April 14, 2024
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April 14, 2024
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Fighting the Scourge of Antisemitism

This past weekend, it was impossible to read the story of Amalek on Shabbat morning and hear the Megillah reading on Saturday night and Sunday morning without thinking about the pervasive antisemitism that we have witnessed since Oct. 7.

When I was a child — and even when I was an adult — the Megillah reading on Purim seemed much like a fairy tale: a beautiful heroine queen … a wise sage … an evil villain … and a foolish king.

We forget sometimes that the story in Megillat Esther is perhaps the first recorded instance of an antisemitic verbal statement. We hear it loud and clear in Haman’s words: “There is a unique people scattered and dispersed through all the realms of your majesty’s kingdom, and their laws are different from anyone else.” And since they don’t accept the king’s laws, Haman requested the first license for genocide in history: “… to destroy, to obliterate, and to exterminate all Jews, young and old, children and women, in one day.”

To a great extent, our generation has been extremely fortunate in that we have lived through a period where there has been relatively little antisemitism compared to prior historical periods. In the past 50 years, American Jews have risen to the top echelons in business, the arts and the sciences, with few examples of prejudice. If anything, the fact that Jews have been accepted so willingly into American society has created another problem — an alarming increase in intermarriage. However, as we will be reciting in a few weeks at the Pesach seder, “In every generation, they rise up against us to destroy us.” And since Oct. 7, we have sadly witnessed this once again.

Trying to understand antisemitism is incredibly difficult. As Rabbi Jonathan Sacks has pointed out, antisemitism consists of a series of contradictions. Jews were hated because they were poor and because they were rich. Jews were hated because they were capitalists and because they were Communists. Jews were hated because they were clannish and because they infiltrated society. Jews were hated because they worshiped a primitive and superstitious faith and because they were ruthless cosmopolitans who believed in nothing.

So how can we better understand antisemitism, and how can we prevent it from happening in the future?

The best way to understand antisemitism is to think of it as a virus. What does a virus do? It’s a disease that attacks individuals or societies from within. Fortunately, the human body has a sophisticated mechanism called the immune system which is able to detect most viruses and creates antibodies for protection. However, viruses can mutate and still survive. And in many ways, that is what has happened to antisemitism. It began one way, and it has mutated several times throughout history.

Today’s antisemitism is different from the antisemitism of prior generations. It focuses not on religion or race, as previous examples of antisemitism have done. Instead, it focuses on nation. It is directed against the Jews in the land and state of Israel … which is something relatively new. Anti-Zionism has become the new form of antisemitism.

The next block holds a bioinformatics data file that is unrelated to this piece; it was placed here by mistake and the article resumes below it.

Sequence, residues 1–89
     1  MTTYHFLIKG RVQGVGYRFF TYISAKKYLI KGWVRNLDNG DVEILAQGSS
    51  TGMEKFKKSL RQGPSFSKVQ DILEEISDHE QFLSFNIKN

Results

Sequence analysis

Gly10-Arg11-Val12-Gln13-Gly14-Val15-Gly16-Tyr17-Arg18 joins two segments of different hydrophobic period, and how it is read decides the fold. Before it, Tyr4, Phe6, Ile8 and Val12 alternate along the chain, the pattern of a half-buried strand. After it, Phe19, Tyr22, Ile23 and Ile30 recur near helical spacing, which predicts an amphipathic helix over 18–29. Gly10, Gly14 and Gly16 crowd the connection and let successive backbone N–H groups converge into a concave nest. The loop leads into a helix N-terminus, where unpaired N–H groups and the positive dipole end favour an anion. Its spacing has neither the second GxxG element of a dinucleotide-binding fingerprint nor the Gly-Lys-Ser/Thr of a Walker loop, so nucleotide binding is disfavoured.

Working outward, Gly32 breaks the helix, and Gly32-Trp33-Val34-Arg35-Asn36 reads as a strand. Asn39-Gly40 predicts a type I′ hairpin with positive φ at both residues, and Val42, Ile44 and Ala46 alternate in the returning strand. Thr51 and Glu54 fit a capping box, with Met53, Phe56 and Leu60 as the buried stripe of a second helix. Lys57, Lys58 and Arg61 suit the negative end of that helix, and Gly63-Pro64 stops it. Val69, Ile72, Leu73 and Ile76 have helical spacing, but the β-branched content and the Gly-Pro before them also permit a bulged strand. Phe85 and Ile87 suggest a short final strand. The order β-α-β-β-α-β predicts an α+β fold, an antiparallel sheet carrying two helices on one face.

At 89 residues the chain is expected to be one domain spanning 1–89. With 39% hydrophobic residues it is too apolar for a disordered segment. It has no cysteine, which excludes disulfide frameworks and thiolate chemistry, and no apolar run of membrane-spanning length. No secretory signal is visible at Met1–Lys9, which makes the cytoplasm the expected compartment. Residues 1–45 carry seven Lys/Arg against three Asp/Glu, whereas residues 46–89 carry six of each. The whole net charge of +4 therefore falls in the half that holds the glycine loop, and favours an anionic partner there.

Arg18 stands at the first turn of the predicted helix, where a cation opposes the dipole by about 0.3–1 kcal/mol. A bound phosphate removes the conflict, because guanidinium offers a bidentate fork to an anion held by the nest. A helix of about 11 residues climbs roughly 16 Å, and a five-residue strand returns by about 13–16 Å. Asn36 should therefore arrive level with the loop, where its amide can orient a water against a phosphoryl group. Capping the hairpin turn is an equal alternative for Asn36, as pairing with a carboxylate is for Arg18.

But if we really want to get down to the core of antisemitism, the best way to understand it is to go back to the sentence in Megillat Esther: “There is a certain people who are different from everyone else.” That is the common denominator as to why we have experienced antisemitism for thousands of years. The Jews are hated because we are different. Antisemitism, according to Rabbi Sacks, is “the paradigm case of the dislike of the unlike.” The Jewish people throughout history insisted on their right to be different, refusing to assimilate to the dominant culture or convert to the dominant faith.

And the answer, of course, was not assimilation. Seventy-five years ago, the Jews in Germany asked themselves why they were hated and correctly thought it was because they were different. So, they thought to themselves, let’s stop being different. Let’s abolish our kashrut laws … let’s celebrate the Sabbath on Sunday … let’s get married civilly and not religiously … and be like everyone else. I don’t have to tell you what happened in Germany. Antisemitism did not diminish at all. We must never believe that we are the cause of antisemitism.

So, what should we do today to fight the scourge of antisemitism?

Rabbi Sacks recounts a famous story of a rabbi from Manchester, England, who went to Russia during the 1980s after Glasnost to help rebuild the Jewish community. While he was there, a young girl in her teens approached him, shaking uncontrollably and said: “All my life, I never spoke about being Jewish. Nobody thought I was Jewish. We didn’t discuss it and nobody said anything about it. Now, because I am Jewish, when I walk outside in the street people shout at me and call me a Jew. What should I do?”

The rabbi, who had a long beard, a big black hat and a kapata, turned to the young woman and said, “The way I look, people probably don’t mistake me for a non-Jew. And yet, in all these months that I’ve been here, no one ever shouted at me, ‘Jew!’ Why do you think that is?

The young woman thought for a moment and responded, “Because they know if they shout out the word ‘Jew’ to me, I will take that as an insult. But if they shout out the word ‘Jew’ to you, they know you will take it as a compliment.”

If we want to effectively fight antisemitism, let us walk proudly as Jews — and not be ashamed of our heritage. And let us strive to banish all forms of hatred forever.

Michael Feldstein, who lives in Stamford, is the author of “Meet Me in the Middle” (meet-me-in-the-middle-book.com), a collection of essays on contemporary Jewish life. He can be reached at [email protected].

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